Psst! Want to find out what’s the best sounding pressing of a Beatles’ album on vinyl? How about taking part in an on-line poll for the worst drummer in rock and roll? Ever wonder where the “Bo Diddley” beat comes from (hint: it ain’t Bo Diddley)?
If you fancy yourself a real audiophile and/or music fan, have I got the web site for you! It’s the brainchild of legendary music catalog remastering wizard Steve Hoffman, and it’s located at www.stevehoffman.tv. Here, you will find just about anything, from an on-line debate about the merits of “commercial” music to members’ reviews of new and reissued albums to detailed, technical discussions of studio recording, mixing and mastering techniques that, to the unsophisticated, will literally make your hair hurt until you start to understand the lingo.
But, if you dive in, you will learn a great deal about recordings and the industry itself. And, take it from me, it’s a hell of lot of fun, a web site populated by some really great people who share an interest, no make that an obsession in its purest form, for recorded and live music and all that it entails.
If this sounds like it’s for you, then you undoubtedly know who Steve Hoffman is. For those who don’t, here’s a quick biography:
To say he’s a musical master is more than a bad attempt at a pun. Starting with on-air work as a broadcaster with public radio during his college days, followed by a gig as a broadcast engineer for a commercial station in Los Angeles, Hoffman then worked for MCA Records, where he developed and championed the then unheralded idea of remastering (the easy definition of this is making the sound better) and re-releasing recording artists’ catalogs (read: older, previously released commercial recordings, either on vinyl or on compact disc in its infancy), an idea that has provided a financial and musical impetus to both artists and record companies around the world. As a result, he has worked with a veritable who’s who of artists’ recordings, including those as diverse as Linda Ronstadt, John Lee Hooker, Sonny Rollins, Creedence Clearwater Revival, and about a million others. And, while I’ve not met the man, judging from his posts, Hoffman clearly cares, deeply, about the recordings and the artists he’s involved with, as well as where the recording industry is going. Like most of the people logged onto his site, he seems to be a fan of the very highest order.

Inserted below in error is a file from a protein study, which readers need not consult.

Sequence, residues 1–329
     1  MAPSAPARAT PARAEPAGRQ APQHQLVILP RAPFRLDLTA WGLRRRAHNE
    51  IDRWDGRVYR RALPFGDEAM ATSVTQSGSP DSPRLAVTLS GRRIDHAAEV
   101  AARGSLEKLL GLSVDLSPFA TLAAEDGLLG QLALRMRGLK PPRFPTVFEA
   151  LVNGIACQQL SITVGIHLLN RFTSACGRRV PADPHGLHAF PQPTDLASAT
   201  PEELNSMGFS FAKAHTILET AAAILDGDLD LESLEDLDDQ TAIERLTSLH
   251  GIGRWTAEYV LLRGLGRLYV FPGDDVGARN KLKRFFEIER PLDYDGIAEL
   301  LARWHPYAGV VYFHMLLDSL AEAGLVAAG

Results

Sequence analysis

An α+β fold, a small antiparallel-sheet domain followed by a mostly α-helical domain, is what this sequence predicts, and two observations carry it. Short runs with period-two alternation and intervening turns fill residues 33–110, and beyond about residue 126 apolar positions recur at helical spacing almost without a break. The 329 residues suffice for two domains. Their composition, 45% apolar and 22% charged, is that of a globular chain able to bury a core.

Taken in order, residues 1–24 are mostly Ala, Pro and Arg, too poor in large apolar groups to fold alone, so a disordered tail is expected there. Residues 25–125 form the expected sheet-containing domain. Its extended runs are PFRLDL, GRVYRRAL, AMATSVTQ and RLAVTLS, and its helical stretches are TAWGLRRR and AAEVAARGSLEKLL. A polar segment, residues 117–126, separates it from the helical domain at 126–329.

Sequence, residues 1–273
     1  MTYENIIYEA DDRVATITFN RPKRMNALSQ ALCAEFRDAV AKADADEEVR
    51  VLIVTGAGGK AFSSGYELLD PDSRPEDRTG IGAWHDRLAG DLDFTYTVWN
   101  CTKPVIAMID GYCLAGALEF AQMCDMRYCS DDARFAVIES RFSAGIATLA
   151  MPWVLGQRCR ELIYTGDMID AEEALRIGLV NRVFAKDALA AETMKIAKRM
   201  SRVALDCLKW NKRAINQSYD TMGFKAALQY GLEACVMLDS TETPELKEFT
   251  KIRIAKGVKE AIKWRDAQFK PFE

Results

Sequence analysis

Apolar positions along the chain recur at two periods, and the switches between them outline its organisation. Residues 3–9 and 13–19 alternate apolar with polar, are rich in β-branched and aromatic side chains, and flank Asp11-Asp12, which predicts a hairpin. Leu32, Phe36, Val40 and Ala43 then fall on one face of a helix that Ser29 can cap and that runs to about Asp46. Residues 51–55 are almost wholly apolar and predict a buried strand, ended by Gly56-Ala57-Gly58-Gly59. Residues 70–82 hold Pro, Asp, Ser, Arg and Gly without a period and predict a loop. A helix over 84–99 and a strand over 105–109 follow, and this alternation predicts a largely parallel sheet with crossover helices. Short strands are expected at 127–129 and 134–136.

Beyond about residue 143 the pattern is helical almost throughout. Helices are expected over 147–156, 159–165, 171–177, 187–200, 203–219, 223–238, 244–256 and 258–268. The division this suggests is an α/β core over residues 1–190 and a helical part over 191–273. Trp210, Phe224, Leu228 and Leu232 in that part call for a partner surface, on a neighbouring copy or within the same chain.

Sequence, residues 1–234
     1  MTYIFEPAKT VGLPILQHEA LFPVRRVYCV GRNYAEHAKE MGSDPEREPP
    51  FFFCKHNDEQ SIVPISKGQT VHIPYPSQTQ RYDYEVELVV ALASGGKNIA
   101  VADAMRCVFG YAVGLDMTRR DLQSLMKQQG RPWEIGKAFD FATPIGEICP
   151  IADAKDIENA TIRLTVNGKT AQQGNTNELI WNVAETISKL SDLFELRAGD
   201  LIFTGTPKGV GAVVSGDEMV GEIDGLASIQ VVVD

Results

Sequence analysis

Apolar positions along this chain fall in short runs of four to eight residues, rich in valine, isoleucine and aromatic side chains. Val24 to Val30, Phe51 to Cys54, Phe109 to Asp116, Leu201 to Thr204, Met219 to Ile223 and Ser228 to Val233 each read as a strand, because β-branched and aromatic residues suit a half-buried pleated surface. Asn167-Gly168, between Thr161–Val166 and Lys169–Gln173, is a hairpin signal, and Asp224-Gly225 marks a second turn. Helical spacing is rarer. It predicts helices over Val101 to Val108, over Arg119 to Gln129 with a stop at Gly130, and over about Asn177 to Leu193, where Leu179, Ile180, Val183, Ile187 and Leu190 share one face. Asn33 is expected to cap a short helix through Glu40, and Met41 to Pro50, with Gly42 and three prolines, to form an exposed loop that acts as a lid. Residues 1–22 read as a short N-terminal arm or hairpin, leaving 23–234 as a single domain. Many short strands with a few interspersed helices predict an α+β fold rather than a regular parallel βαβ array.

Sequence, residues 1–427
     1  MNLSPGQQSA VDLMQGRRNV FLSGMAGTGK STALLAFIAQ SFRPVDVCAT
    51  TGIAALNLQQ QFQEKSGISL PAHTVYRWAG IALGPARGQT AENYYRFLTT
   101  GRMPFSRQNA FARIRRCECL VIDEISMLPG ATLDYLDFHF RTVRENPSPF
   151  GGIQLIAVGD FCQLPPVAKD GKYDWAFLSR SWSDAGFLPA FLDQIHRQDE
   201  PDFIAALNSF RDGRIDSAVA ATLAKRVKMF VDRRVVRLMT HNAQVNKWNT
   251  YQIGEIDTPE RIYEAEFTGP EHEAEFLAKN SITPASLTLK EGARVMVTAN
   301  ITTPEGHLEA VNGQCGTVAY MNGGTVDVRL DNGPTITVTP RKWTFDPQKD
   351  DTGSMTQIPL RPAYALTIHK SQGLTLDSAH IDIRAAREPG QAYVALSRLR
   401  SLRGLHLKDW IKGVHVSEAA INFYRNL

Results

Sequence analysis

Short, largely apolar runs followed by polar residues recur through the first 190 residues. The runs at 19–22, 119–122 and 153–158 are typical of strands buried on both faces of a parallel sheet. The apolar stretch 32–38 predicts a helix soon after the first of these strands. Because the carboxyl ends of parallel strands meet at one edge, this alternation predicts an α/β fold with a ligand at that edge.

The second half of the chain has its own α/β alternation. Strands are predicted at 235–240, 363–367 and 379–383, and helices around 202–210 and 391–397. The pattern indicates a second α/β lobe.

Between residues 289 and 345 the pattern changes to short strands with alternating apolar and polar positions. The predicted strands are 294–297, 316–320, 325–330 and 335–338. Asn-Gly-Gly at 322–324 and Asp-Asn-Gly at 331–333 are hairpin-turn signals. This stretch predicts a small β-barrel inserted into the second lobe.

And, he’s not one of those high and mighty folks who sits back, takes in posted accolades from fans and, presumably, smirks in a self-satisfied way at his computer screen. While most of the posters are unabashed fans, Hoffman has made over 10,400 posts himself (no, that is not a misprint) on the site, and will engage in a spirited debate on many topics, technical or otherwise, even if you respectfully disagree with him. Another great aspect of this site is that it is well policed by a quartet of Gorts (that’s what they call themselves) who will remove malicious, obscene or defamatory posts within seconds, so everything stays on the musical track.
Some folks start off as lurkers, simply reading other posts, on this site, as I did when I joined earlier this year. But, the fun clearly starts once you start posting and interacting with other members. It’s just a spectacular source for information, and there’s rarely a day that I log on and don’t learn something.
And, there’s clearly strength in Hoffmanite numbers. Recently, a member started a grassroots campaign with an on-line retailer to offer members a deal on the batch of 16 Bob Dylan recordings being re-released later this summer. By enlisting other interested members, Dylan fans were able to get a significant “Hoffman members” discount.
Can your web site do that?
Comments to Mark T. Gould